No need to argue all day, train travel safety is practically equal, per passenger mile, to air travel safety (.88 deaths per billion passenger miles versus .87, respectively). Both are far more safe than road travel (11.7 deaths per billion passenger miles). I’ve taken the train plenty of places and never had issues with delays. I have, however, had a number of flights canceled or delayed. And I’ve lost track of how many hours I’ve sat in traffic. Trains produce 1/3 to 1/6 of the emissions pollution per passenger mile than either cars or trains. And yet they’ve gotten less than a tenth of the government subsidies that air and road travel receive. More money for rail!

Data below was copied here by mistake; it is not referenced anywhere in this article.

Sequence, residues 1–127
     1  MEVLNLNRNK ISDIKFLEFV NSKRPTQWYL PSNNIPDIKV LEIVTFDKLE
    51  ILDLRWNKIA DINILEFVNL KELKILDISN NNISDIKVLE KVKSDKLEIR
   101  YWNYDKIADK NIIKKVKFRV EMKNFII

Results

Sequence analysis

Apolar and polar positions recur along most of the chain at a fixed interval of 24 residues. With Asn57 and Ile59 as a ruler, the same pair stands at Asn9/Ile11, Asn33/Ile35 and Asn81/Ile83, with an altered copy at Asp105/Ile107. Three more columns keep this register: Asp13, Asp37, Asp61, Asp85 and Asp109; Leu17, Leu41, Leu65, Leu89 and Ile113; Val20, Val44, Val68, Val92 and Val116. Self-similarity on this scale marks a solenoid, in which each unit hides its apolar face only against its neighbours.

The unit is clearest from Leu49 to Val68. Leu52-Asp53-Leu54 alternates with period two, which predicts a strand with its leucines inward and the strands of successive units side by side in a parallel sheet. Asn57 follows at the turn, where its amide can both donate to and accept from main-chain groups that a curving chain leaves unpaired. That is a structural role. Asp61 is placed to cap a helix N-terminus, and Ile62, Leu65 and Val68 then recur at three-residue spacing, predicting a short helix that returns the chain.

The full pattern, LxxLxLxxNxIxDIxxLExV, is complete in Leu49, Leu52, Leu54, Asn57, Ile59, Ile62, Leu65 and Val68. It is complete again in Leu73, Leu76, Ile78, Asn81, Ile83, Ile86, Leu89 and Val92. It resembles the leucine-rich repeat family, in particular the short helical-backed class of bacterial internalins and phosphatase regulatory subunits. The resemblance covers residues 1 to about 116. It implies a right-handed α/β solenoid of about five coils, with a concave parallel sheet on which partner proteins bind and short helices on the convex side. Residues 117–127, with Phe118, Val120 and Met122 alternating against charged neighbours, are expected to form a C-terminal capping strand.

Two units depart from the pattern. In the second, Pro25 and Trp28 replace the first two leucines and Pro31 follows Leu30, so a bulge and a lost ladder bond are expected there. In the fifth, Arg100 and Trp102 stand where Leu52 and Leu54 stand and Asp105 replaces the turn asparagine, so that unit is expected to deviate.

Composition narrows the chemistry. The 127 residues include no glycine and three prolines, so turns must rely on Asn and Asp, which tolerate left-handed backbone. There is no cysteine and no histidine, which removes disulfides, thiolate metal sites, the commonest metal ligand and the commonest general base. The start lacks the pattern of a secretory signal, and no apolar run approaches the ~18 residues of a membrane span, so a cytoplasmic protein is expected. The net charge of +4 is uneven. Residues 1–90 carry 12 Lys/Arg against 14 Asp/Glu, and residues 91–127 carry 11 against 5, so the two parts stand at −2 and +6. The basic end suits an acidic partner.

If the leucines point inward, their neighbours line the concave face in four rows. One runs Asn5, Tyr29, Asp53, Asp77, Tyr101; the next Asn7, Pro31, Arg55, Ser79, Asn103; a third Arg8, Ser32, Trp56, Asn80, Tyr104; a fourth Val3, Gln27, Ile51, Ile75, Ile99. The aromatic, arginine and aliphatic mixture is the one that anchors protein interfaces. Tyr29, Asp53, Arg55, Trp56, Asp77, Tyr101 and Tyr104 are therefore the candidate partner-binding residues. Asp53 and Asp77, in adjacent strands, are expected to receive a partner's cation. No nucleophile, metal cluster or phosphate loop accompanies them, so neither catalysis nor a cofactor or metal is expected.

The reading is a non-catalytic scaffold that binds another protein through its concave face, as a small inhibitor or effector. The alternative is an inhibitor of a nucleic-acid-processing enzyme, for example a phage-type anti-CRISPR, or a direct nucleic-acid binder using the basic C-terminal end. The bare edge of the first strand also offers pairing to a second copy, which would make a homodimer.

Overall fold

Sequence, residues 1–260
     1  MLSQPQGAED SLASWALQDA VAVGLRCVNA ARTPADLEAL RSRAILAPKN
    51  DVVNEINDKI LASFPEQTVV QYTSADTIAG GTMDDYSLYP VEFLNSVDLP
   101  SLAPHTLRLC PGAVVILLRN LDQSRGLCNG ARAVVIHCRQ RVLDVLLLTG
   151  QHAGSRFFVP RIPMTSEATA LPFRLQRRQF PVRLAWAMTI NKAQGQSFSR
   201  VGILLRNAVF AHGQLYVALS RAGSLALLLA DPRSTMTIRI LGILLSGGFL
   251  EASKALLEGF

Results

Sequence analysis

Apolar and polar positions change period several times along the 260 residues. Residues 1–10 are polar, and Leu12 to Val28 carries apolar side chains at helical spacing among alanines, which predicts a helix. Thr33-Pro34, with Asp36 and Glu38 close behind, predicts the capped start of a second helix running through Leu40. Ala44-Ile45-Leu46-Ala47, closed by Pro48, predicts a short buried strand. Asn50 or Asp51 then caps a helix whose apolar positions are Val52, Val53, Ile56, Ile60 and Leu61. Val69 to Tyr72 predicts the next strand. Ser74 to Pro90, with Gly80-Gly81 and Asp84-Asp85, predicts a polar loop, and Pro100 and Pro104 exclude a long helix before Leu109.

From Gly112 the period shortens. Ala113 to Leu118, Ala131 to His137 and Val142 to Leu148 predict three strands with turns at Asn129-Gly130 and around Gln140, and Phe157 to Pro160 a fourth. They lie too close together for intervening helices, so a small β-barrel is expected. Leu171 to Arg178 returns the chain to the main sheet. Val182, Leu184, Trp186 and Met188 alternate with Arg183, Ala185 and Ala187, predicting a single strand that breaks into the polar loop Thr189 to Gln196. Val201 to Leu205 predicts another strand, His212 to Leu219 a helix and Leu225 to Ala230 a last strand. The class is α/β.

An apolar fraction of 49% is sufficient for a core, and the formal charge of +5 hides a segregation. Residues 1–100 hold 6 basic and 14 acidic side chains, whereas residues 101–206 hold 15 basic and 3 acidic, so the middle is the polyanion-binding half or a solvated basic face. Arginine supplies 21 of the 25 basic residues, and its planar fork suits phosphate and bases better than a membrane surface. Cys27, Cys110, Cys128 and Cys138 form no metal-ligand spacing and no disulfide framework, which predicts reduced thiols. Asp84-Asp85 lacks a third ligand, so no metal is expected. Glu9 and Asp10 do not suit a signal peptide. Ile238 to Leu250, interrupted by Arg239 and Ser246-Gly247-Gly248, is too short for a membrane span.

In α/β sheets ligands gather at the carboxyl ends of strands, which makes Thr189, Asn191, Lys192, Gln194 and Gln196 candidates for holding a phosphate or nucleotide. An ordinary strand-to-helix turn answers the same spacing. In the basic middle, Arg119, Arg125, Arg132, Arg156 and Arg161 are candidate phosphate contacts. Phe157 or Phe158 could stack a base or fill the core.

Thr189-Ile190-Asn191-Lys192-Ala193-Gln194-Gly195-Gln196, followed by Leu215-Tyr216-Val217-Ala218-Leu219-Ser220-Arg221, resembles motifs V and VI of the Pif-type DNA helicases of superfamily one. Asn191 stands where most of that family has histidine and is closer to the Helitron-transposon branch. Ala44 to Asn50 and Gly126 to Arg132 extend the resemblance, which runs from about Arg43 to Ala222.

• Jim says:

            I agree with you timeliness of trains. There might be delays but they’re usually not multi-hour delays (and if they are, you know about it FAR in advance).

          • Texas Wahoo says:

            “I agree with you timeliness of trains. There might be delays but they’re usually not multi-hour delays (and if they are, you know about it FAR in advance).”

            Maybe I’ve just had bad luck. When I lived in Charlottesville, I used to drop people off at the train station in the mornings before class – at least half of the time they would go into the train station and say their 9 am train was not going to be there until the afternoon – a couple of times it wasn’t until the evening.

            I’ve never had that problem in DC – so maybe it was just that station?

        • Bmac says:

          It is the same service, it’s called transportation. If there’s a demand for a train type service, the private sector will fill it. Oh ye of little faith in the free market.